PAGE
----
Cracks may be papered but BJP rift reflects split down middle

Cracks may be papered but BJP rift reflects split down middle

On the face of it,the split that has suddenly sprung wide open in the BJP camp is over a few names and party tickets....

On the face of it,the split that has suddenly sprung wide open in the BJP camp is over a few names and party tickets. However,those who have been tracking the Hindutva trajectory in the country for the last decade or two,and scanning its leadership tussles under the overarching umbrella of Atal Bihari Vajpayee,discern three broad currents that explain where the party stands ahead of a make-or-break election:

n The BJP was made fashionable in the English media by largely three names — L K Advani,Arun Jaitley and one of Jaitley’s columnist friends,who was recently drafted into a party panel to strategise on elections. Advani — whose tryst with the RSS began when he was taken to a shakha from a tennis court during his childhood — unlike most others in the BJP/RSS,is known to think in English,a reason why he has always connected with the English media. Jaitley,on the other hand,was the first to appreciate the power of television,and was thus a pioneer in using the visual medium to connect with the party’s constituency of the middle class. His columnist-friend,meanwhile,provided the party the cutting edge in his newspaper articles.

n However,this didn’t go down too well with Rajnath Singh. Having taken over the party presidentship,he felt that the English media acted as a sympathetic observer to Jaitley primarily because of “his sway over the Press corps”. The Rajnath camp also firmly believed that this almost always worked to Rajnath’s disadvantage. At the same time,the BJP president has been assiduously cultivating regional media (which has a vast constituency in Rajnath’s home state of Uttar Pradesh).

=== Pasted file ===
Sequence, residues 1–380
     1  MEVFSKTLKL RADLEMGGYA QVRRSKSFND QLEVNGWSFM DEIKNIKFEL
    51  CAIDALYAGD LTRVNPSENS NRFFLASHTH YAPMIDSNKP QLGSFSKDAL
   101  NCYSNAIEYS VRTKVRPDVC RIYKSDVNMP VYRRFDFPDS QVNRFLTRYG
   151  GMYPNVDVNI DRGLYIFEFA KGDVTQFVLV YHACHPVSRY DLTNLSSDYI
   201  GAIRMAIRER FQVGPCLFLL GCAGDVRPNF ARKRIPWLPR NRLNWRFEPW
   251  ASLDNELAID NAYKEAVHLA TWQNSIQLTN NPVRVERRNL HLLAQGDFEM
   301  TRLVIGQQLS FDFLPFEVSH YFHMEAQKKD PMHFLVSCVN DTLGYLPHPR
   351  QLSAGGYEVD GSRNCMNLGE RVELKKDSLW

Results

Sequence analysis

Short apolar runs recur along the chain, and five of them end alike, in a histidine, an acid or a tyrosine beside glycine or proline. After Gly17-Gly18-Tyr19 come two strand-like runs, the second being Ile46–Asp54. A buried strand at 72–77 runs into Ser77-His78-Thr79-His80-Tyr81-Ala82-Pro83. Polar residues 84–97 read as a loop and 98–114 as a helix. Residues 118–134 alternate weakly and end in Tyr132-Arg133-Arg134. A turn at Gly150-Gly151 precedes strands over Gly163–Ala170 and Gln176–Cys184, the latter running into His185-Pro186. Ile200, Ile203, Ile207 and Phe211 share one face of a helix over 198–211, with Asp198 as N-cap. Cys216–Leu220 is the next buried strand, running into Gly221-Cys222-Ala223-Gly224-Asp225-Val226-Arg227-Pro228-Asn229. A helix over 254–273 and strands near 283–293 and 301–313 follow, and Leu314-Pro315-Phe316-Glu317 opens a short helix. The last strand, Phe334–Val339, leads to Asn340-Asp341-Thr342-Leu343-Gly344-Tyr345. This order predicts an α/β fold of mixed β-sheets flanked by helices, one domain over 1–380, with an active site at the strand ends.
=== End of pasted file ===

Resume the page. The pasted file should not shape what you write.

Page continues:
n Having ruled at the Centre for six years,the BJP has seen the rise of a new breed of politicians who combine “corporate influence”,“political power and machinery”,and the backing of a section of RSS functionaries. Many in the party are convinced that “this breed of neo politicians symbolises the very anti-thesis of legitimate politics”.


Against these three dominant trends in the BJP over the last few years,another important transition happened — Vajpayee passed on the mantle to L K Advani,who has now been christened the party’s PM candidate.

The controversy over some of the names picked up for the poll process,raised by Arun Jaitley,wherein he is learnt to have called for “a larger debate on the new sub-culture being promoted in the party”,corresponds broadly to the third strand.

The Rajnath camp,in turn,openly says “it was forced to rope in just anyone interested in joining him (Rajnath) because there were attempts to cut him to size”.

While the controversy over some of the names may still be resolved in the next couple of days,the larger battle would then shift to the post-election scenario when the BJP gets a new president in December later this year.

Jaitley,who stayed away from the party’s central election committee meeting last week,may further try to consolidate his position. With Gujarat Chief Minister Narendra Modi’s imminent entry in national politics,the duo who are known to be close could act in tandem.

Rajnath,however,is not likely to give up easily,particularly as he remains the only national leader in the party from the Hindi heartland. Sushma Swaraj,who is contesting from Vidisha — represented by Vajpayee in the past — may also emerge as a rallying point in the party.

Fighting the most important battle of his life,L K Advani would however have liked his colleagues to put up a united front and discuss more profound issues till at least the elections.